The whaling countries should be required to provide full data not just on their whaling activities but also on other whale conservation issues (such as entanglements of whales of all species and populations).

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MessageSujet: Re: whales / ballenas / baleines   Mar 6 Jan - 8:39

14. Developments in ocean governance
The key development in ocean governance is the Law of the Sea Convention (UNCLOS) which came into effect in 1994. Articles 64 and 65 refer to marine mammals and specifically whales. These articles accord whales with special status as highly migratory species and thus encourage all states to participate in decisions regarding their future. In addition UNCLOS allows for the exploitation of whales to be regulated more strictly than required for Maximum Sustainable Yield including a total prohibition on catches. Another important convention that post-dates the IWC is the Convention on the Conservation of Antarctic Marine Living Resources (CCAMLR). CCAMLR specifically requires that exploitation of prey species should be limited to allow sufficient prey to remain for dependent species such as whales. Another key development in ocean governance, through UNCLOS, is the establishment of Exclusive Economic Zones. However, the facts that the ICRW applies to all waters, coupled by the special status of whales as highly migratory species, requires that management of whaling even within EEZ should be under international control. Whaling countries in the North Atlantic did attempt to create a regional management body (NAMMCO) in an attempt to undermine the authority of the IWC, but have so far remained within IWC.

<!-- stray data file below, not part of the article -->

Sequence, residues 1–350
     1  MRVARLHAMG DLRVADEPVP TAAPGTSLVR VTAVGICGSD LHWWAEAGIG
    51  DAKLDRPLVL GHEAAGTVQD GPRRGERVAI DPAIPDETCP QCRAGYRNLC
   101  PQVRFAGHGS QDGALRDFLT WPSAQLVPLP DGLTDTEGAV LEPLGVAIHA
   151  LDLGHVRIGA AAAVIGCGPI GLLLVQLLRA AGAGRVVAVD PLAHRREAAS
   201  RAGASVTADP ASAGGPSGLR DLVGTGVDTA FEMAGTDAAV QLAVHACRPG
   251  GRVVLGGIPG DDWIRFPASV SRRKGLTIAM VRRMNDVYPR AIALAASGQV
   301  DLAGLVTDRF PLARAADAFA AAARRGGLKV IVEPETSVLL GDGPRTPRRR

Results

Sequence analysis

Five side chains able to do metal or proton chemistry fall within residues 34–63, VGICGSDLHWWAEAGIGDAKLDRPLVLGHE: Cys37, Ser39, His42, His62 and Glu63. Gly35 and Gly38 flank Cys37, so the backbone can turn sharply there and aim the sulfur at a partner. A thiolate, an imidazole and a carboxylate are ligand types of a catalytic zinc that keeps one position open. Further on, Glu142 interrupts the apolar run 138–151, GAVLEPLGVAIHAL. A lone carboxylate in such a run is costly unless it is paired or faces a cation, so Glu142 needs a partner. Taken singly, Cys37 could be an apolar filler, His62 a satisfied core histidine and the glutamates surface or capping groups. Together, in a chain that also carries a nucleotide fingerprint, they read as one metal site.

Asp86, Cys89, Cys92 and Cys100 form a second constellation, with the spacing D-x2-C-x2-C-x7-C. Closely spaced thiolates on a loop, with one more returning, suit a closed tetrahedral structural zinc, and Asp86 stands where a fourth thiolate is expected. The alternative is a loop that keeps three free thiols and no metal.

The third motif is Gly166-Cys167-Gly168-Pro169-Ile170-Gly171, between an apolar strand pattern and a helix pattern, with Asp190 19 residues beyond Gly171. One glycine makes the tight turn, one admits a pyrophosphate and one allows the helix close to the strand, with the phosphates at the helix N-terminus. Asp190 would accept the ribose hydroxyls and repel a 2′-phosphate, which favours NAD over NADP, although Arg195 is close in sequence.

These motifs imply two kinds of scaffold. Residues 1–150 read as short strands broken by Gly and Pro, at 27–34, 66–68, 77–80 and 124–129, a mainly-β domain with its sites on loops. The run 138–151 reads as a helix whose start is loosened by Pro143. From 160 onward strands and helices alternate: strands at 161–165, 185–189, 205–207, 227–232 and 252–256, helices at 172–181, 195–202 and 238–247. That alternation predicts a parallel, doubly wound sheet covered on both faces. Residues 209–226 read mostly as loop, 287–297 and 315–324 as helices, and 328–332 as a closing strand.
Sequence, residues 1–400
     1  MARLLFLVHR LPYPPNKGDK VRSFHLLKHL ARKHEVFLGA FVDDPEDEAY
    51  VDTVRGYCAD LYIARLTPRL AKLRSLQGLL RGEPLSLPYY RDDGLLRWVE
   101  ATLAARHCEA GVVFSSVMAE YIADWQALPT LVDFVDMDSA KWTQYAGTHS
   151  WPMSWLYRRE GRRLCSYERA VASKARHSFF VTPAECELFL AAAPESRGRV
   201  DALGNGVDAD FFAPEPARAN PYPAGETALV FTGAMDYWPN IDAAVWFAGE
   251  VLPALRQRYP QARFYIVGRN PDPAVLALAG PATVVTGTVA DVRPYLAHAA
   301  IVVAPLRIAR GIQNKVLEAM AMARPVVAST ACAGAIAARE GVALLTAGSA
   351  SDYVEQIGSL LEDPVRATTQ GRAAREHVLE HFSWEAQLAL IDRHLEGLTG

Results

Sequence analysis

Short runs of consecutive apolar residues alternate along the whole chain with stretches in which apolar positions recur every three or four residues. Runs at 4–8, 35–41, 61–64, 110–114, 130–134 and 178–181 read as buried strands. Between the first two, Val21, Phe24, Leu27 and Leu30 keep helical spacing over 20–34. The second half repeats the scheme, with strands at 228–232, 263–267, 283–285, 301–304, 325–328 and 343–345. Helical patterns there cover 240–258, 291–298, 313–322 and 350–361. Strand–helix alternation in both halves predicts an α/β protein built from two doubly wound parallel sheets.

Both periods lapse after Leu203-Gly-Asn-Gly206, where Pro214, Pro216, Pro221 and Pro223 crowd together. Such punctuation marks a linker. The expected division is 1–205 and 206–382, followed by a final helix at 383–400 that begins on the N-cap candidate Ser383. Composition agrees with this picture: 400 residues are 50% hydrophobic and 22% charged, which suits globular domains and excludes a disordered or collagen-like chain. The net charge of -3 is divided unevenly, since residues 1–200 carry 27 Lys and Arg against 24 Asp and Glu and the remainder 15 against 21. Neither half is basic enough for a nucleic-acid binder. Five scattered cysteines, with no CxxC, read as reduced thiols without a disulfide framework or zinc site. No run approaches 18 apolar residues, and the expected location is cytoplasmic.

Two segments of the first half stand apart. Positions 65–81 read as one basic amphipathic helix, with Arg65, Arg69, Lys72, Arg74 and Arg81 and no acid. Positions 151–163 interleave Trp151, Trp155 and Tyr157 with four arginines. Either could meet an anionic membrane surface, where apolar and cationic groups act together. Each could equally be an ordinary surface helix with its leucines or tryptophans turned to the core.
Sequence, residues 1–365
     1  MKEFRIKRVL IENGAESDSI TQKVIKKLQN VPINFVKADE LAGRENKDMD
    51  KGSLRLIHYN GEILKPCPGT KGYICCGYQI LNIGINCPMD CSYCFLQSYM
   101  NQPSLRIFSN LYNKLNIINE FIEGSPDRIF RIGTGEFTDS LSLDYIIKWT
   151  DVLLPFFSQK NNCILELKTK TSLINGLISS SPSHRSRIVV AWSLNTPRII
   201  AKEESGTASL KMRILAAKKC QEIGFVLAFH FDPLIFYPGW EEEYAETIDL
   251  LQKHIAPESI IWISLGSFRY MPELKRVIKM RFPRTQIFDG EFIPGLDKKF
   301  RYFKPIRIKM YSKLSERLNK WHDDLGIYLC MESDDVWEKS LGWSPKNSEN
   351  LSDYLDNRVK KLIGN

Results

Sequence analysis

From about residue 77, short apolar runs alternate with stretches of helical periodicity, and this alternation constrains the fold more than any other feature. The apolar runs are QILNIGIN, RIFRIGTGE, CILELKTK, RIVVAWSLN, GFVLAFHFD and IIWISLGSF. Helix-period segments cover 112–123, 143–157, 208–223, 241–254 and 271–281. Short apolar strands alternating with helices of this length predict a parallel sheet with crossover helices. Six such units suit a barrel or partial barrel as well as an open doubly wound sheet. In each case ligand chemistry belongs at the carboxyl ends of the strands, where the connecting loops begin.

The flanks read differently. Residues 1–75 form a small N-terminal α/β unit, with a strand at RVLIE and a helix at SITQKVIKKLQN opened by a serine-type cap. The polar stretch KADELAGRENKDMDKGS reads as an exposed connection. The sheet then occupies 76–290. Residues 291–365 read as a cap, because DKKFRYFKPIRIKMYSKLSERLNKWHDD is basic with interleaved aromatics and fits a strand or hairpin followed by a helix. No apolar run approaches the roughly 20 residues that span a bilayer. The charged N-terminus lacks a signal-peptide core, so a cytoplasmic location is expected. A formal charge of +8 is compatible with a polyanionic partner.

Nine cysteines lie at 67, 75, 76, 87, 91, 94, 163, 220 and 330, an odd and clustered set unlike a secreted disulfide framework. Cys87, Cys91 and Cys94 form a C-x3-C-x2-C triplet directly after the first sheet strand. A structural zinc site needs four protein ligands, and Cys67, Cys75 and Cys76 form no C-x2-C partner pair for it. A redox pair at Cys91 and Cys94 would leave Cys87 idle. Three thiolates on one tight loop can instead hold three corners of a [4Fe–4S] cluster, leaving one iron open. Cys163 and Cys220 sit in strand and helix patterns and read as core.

The IWC needs to take note of recent developments in ocean governance. It also needs to assert its position as the global convention with responsibility for whale conservation and the management of whaling. If any whaling were to be permitted within EEZs (see section on coastal whaling) or aboriginal whaling, this should still be managed by the IWC and not under national or regional management.

15. Ecosystem-based approach to management
The whaling countries have perverted the sensible intentions of ecosystem-based approaches to management of fisheries to try and make a case that whales are eating all the fish. This takes attention away from the very real global problem of depletion of fish stock due to overfishing. In 2003 the IWC Scientific Committee stated “for no system at present are we in the position, in terms of data availability and model development, to provide quantitative management advice on
the impact of cetaceans on fisheries, or of fisheries on cetaceans”.